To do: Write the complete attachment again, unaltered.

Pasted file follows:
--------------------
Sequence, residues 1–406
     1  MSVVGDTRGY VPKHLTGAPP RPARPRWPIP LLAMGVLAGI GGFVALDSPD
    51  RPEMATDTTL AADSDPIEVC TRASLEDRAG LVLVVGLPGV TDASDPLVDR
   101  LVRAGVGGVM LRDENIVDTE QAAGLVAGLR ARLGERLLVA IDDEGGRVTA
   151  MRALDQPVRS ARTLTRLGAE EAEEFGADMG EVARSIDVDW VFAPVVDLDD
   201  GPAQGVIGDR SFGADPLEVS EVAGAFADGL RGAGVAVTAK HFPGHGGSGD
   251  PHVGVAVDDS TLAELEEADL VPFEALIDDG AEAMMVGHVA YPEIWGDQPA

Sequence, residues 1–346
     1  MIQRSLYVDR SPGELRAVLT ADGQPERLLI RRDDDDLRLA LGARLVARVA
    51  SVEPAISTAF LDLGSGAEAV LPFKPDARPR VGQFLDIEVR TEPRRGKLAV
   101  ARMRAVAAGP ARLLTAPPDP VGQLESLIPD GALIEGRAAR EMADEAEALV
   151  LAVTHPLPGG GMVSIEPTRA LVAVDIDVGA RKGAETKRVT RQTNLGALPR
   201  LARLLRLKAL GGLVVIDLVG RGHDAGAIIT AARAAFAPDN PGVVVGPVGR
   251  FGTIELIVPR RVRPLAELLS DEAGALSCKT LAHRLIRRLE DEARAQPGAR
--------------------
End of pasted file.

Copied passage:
Sequence, residues 1–406
     1  MSVVGDTRGY VPKHLTGAPP RPARPRWPIP LLAMGVLAGI GGFVALDSPD
    51  RPEMATDTTL AADSDPIEVC TRASLEDRAG LVLVVGLPGV TDASDPLVDR
   101  LVRAGVGGVM LRDENIVDTE QAAGLVAGLR ARLGERLLVA IDDEGGRVTA
   151  MRALDQPVRS ARTLTRLGAE EAEEFGADMG EVARSIDVDW VFAPVVDLDD
   201  GPAQGVIGDR SFGADPLEVS EVAGAFADGL RGAGVAVTAK HFPGHGGSGD
   251  PHVGVAVDDS TLAELEEADL VPFEALIDDG AEAMMVGHVA YPEIWGDQPA

Sequence, residues 1–346
     1  MIQRSLYVDR SPGELRAVLT ADGQPERLLI RRDDDDLRLA LGARLVARVA
    51  SVEPAISTAF LDLGSGAEAV LPFKPDARPR VGQFLDIEVR TEPRRGKLAV
   101  ARMRAVAAGP ARLLTAPPDP VGQLESLIPD GALIEGRAAR EMADEAEALV
   151  LAVTHPLPGG GMVSIEPTRA LVAVDIDVGA RKGAETKRVT RQTNLGALPR
   201  LARLLRLKAL GGLVVIDLVG RGHDAGAIIT AARAAFAPDN PGVVVGPVGR
   251  FGTIELIVPR RVRPLAELLS DEAGALSCKT LAHRLIRRLE DEARAQPGAR